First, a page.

And let’s go from one form of partnership to another. Asmodee and Amazon have teamed up. That could be a scary concept for the tabletop industry, certainly an interesting one. In this case, there’s a particular target. They’re going after rip-off merchants who were selling fake Asmodee board games on Amazon.
Good luck to the two companies. The rip-offs sound awful, but easy to buy mistake.
Sadly, not all partnerships work out, and just last night, we had the unexpected news that Cubicle 7 and Holmgard Press are breaking up. That means, mere months after committing to more Lone Wolf, Cubicle 7 won’t be publishing anything for the RPG at all.
In the meantime, there’s a chance to win a rare Rookhaven sourcebook and buy other Lone Wolf goodies in digital or physical form for half-price.
Cubicle 7 have now lost Lone Wolf and The Lord of the Rings franchise but are doing fantastic stuff with Warhammer, including the 40K stuff given to them and Soulbound. I’ve mentioned before how they must surely need some form of IP of their own as a safety net, but what do I know? Perhaps that’s a double or nothing bet with the odds in favour of rolling a zero?
I’ve got a new partnership. I finally gave in to the urge, dusted off some old affiliate codes and joined up with Iron Studios and Sideshow Collectibles. I like affiliate marketing because it seems like a discreet way to earn some pennies towards hosting costs and fighting off those technical attacks I talked about at the start. However, it is only pennies, and I must not allow it to bias the blog’s content. The disclaimers that I use affiliate marketing on Geek Native are everywhere.
Being signed up means I get news, so whereas I didn’t get the heads-up about the very impressive Tiamat versus D&D cartoon heroes diorama that Iron Studios is selling. I did get one to say that it was the model maker’s birthday and that the code BDAY10 could be used to get 10% off the site for the next few days.
I’ve put lots of pictures of Tiamat in her battle on the blog, though, so there’s no need to click on those affiliate links and visit Iron Studios just to check her out.
Some projects are worth writing about, even without an affiliate relationship. I happily covered Queerz from Son of Oak Game Studios without such a deal. In part, it’s a good tie-in with Superhero Week but also because I think this is the first time of the City of Mist system being used to power another game; albeit an adjacent concept. Queerz is a superhero tabletop RPG.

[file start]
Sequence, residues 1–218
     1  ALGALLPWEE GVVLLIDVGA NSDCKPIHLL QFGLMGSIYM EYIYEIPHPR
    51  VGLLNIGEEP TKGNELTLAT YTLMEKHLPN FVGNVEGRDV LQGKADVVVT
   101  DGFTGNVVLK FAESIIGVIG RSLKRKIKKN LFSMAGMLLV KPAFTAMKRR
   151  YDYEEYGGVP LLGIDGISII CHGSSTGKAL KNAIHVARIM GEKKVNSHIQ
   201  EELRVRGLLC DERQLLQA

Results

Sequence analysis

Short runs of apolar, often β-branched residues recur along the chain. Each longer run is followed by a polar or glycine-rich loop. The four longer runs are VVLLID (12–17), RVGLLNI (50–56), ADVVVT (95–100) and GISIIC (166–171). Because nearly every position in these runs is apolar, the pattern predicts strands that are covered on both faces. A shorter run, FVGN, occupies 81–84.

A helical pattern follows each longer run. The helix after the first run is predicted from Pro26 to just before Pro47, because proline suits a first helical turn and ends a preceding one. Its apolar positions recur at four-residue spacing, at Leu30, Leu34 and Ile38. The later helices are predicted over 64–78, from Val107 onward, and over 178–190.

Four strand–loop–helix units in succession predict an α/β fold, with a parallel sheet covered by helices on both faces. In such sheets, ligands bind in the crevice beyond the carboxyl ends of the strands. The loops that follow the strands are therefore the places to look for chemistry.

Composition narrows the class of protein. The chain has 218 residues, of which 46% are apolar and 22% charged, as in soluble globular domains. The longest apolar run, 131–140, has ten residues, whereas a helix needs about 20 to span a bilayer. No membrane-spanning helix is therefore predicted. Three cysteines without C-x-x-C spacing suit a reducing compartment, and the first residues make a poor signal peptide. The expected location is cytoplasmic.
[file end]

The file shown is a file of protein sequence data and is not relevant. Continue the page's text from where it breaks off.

It’s not just Superhero Week; it’s also the start of the month so that means a new poll for Patrons – and I’ve 8 of your awesome people, a record high – to vote on.
Grognardia Games won for July, and I’ll try and get in touch with them this week. The candidates for August are;
Now, we’re nearly out of time, and although we’ve mentioned one computer game, I don’t want to be entirely tabletop focused each week. Geeky highlights are more varied than that.
The trailer for the shocking Chainsaw Man anime is out. I don’t read the manga but have had summaries of it and some plot twist hints, and it sounds incredible.
The Chainsaw Man trailer certainly looks impactful!
You’ll find links to it on the blog post, in the podcast transcript too, which you’ll find linked in the show notes.
Lastly, let’s do the usual thing of looking at some bundles and competitions. By the way, if you ever have a competition of your own to promote, there’s a channel for that on the Geek Native Discord server.
First up, Pelgrane Press has a good deal on their The Yellow King RPG on the Bundle of Holding.
The phrase “Netflix Comics” is used on Humble Bundle in their Millarworld deal. Humble is giving less to charity, or potentially less, after being bought by a big geeky blog network. More reason to read indie blogs, huh?
Anyway, there’s about £370 worth of digital content here for the usual cut price discounts that are hard to resist.
On Geek Native, there’s a chance to win the dark fairytale RPG that’s Good Strong Hands from NerdBurger. There’s a traditionally printed hardback up for grabs, shipping to many countries, and you have got a two per cent chance of winning just by signing up to it today.
On that note, let’s wrap there. Keep safe, don’t blame the intern, and we’ll see you next week.
Join in the discussion below, start us off or pop over to the chat portal.